Wasting no time, the European commissioner who could soon be co-leading the EU's digital agenda is already firing warning shots at the U.S. over data protection.
Microsoft and other companies that provide education technologies and services to U.S. schools aim to assuage parents' concerns about the collection and handling of student data with a pledge to protect that data.
Documents related to the alleged mass surveillance of the Internet by U.K. state agencies should be published by the European Commission, according to a recommendation by the EU's ombudsman.
A social network that attracted attention last year for its strong privacy features has quietly disappeared off the Web.
Workers who may be tempted to sell confidential corporate data should think twice about what they write in an email -- an AI-based monitoring system could be watching.
It's not just your boss or the government that's spying on you, it's also the devices and technologies you embrace.
Günther Oettinger, the European Union's proposed Commissioner for the Digital Economy and Society, gave a disappointing performance at his confirmation hearing, dodging questions and calling the victims of a recent data breach "dumb."
As Facebook began rolling out a global advertising network on Monday that will capitalize on all it knows from tracking users across the web, German consumer organizations immediately raised their voices in protest.
Facebook's appeal against the collection by law enforcement in New York of bulk user data under a gag order has been accepted.
A new social network is generating buzz for its hard stance against paid advertising and data collection. But how the site really works, when it comes to privacy, is a little more nuanced.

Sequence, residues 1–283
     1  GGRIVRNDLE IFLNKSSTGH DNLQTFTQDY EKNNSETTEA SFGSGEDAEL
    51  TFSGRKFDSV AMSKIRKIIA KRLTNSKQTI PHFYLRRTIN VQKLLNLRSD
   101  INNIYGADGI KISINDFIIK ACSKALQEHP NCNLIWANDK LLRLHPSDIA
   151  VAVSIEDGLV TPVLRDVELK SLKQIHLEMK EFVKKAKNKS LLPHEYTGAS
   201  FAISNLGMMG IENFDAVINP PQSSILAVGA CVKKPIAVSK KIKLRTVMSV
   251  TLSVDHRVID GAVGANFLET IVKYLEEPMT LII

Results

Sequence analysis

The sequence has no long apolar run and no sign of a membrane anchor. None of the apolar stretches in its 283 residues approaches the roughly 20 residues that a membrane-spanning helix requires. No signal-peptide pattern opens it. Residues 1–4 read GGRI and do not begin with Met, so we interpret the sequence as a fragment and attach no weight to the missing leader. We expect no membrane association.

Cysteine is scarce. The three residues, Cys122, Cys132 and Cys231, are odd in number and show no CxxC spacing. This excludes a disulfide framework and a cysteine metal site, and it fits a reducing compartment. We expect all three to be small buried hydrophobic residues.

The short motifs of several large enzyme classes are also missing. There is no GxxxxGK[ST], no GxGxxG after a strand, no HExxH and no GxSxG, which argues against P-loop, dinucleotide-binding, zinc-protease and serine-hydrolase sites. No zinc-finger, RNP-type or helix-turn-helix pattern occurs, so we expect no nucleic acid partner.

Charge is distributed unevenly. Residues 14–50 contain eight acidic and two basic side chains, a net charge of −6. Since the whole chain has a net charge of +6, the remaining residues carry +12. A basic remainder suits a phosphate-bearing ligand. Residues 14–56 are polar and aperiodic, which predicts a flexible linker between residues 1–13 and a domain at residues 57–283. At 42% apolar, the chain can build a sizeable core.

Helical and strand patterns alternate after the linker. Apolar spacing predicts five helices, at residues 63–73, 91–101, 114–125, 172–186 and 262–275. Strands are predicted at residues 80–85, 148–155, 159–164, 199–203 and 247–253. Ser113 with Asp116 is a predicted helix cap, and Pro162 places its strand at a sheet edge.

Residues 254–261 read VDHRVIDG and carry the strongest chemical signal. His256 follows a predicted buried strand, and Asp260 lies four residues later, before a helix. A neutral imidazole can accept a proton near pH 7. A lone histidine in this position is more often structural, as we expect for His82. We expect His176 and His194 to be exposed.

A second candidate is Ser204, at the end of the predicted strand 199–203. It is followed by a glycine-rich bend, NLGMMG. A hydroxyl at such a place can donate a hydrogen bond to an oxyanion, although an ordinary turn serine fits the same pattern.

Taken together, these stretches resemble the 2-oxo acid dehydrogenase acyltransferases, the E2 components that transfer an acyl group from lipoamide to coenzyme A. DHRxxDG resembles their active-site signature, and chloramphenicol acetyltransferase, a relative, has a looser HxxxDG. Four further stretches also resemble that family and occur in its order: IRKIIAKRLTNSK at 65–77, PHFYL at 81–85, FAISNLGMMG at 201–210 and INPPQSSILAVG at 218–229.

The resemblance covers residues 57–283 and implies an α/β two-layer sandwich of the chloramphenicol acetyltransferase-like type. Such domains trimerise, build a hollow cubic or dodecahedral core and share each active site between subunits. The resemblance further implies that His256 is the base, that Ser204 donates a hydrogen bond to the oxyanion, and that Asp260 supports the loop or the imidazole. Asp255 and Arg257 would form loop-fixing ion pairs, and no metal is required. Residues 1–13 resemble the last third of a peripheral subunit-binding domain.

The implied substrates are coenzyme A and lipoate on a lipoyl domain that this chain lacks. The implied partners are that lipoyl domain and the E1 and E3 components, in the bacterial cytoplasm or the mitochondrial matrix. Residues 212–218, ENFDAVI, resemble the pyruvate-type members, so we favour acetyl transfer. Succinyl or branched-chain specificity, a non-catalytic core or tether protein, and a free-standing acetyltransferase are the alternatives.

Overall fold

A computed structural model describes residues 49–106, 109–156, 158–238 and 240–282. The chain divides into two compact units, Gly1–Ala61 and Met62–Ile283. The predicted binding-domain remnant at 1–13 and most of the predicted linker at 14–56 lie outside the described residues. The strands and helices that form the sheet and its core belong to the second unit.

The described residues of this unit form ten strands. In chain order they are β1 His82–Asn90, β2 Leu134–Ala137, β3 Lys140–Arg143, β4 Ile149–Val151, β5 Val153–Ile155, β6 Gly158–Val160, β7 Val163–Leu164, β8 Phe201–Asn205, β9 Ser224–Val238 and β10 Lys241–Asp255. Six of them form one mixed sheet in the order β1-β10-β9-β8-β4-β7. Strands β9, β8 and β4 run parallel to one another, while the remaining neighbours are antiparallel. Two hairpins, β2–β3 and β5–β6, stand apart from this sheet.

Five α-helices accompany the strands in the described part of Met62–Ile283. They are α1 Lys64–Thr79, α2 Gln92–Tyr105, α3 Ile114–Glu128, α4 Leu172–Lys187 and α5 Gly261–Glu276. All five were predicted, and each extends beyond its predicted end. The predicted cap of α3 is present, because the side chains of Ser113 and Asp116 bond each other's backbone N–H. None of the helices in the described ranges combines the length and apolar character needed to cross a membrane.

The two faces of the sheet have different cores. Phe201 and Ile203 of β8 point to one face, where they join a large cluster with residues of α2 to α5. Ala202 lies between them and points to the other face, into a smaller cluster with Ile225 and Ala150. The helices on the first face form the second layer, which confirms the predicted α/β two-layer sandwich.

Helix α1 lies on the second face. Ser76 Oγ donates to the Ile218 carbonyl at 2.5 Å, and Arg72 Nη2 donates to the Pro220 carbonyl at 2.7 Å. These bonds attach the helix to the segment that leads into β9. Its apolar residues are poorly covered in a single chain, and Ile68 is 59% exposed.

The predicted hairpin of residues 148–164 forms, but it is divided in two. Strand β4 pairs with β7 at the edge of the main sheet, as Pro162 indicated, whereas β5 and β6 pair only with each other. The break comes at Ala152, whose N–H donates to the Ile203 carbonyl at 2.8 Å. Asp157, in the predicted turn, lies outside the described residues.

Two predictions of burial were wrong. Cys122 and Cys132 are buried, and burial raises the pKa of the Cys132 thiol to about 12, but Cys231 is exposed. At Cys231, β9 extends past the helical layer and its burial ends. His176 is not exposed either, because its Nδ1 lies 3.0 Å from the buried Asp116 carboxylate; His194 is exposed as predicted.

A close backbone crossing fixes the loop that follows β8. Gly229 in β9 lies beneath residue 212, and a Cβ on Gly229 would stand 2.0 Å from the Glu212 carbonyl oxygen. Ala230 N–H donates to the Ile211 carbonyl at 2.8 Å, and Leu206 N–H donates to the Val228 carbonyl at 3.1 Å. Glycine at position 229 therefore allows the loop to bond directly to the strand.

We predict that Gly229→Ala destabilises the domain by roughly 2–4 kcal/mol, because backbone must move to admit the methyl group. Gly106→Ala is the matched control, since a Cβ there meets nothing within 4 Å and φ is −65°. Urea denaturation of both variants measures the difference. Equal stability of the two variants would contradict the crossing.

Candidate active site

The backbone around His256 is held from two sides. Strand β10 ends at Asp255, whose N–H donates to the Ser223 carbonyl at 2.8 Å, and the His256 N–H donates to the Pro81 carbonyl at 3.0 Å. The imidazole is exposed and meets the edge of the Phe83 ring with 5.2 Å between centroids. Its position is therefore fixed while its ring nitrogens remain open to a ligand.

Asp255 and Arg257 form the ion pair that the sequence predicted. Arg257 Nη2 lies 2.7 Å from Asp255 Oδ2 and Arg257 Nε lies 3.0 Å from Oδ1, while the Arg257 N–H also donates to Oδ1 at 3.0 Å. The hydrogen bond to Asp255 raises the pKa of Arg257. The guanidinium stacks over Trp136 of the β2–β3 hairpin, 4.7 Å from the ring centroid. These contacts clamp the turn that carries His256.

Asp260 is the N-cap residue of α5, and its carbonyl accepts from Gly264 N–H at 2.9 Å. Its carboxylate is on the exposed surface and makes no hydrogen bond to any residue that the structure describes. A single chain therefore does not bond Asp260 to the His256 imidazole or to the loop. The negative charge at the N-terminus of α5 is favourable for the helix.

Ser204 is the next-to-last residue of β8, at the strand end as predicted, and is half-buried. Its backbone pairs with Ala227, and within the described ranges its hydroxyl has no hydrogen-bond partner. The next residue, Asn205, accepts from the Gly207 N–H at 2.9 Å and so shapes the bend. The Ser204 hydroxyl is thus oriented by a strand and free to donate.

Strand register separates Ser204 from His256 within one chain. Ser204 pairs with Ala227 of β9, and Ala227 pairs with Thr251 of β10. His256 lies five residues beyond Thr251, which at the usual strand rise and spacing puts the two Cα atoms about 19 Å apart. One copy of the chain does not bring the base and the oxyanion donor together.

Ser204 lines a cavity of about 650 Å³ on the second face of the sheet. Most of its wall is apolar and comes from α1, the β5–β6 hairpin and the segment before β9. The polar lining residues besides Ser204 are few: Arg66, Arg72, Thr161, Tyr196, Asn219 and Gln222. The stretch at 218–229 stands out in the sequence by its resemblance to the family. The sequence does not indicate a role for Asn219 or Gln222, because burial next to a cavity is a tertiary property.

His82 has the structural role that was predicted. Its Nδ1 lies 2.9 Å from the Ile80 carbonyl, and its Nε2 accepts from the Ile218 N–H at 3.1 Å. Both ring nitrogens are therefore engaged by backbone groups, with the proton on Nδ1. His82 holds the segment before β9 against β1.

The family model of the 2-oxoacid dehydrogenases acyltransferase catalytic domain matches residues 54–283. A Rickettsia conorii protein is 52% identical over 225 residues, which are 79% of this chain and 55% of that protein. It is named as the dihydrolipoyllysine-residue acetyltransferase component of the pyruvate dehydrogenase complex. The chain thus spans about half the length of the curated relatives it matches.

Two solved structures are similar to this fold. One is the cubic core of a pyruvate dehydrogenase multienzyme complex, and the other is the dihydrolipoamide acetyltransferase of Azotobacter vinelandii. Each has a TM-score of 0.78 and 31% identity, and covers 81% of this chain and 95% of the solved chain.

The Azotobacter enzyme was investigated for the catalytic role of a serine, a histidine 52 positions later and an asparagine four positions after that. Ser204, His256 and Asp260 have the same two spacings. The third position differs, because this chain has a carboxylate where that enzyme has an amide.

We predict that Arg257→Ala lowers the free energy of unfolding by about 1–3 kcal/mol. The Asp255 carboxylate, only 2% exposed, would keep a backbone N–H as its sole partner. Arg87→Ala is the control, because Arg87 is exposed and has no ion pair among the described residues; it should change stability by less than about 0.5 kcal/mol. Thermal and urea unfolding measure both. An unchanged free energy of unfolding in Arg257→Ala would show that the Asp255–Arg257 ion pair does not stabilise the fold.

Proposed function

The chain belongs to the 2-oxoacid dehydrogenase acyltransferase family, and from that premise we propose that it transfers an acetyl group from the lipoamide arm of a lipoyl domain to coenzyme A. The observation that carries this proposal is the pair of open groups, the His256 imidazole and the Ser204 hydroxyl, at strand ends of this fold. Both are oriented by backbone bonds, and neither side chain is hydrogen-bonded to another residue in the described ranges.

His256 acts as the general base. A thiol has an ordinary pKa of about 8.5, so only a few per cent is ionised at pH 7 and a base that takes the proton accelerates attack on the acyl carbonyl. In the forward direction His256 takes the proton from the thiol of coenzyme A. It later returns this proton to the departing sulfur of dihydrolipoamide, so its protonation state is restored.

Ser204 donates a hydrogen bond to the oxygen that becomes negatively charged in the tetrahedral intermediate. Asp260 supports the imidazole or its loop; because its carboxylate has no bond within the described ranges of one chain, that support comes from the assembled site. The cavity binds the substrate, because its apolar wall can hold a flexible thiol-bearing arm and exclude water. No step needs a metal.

The U.S. Federal Bureau of Investigation is concerned about moves by Apple and Google to include encryption on smartphones, the agency's director said Thursday.
The amount of personal information held by firms like Google and Facebook has made them ripe targets for data-hungry governments and intelligence agencies. But the bull's-eye on Yahoo's back may be losing its appeal.
Google, Dropbox and the Open Technology Fund are supporting a new organization focused on making open-source security and privacy tools more user-friendly.
Legislation introduced in the U.S. Senate on Thursday aims to place limits on access by U.S. law enforcement agencies to emails and other communications stored abroad.
An electronic case-handling dashboard and a network of specialists will be created to help EU data protection authorities deal with complaints filed by people whose requests to delete search results based on a recent "right-to-be-forgotten" ruling is...
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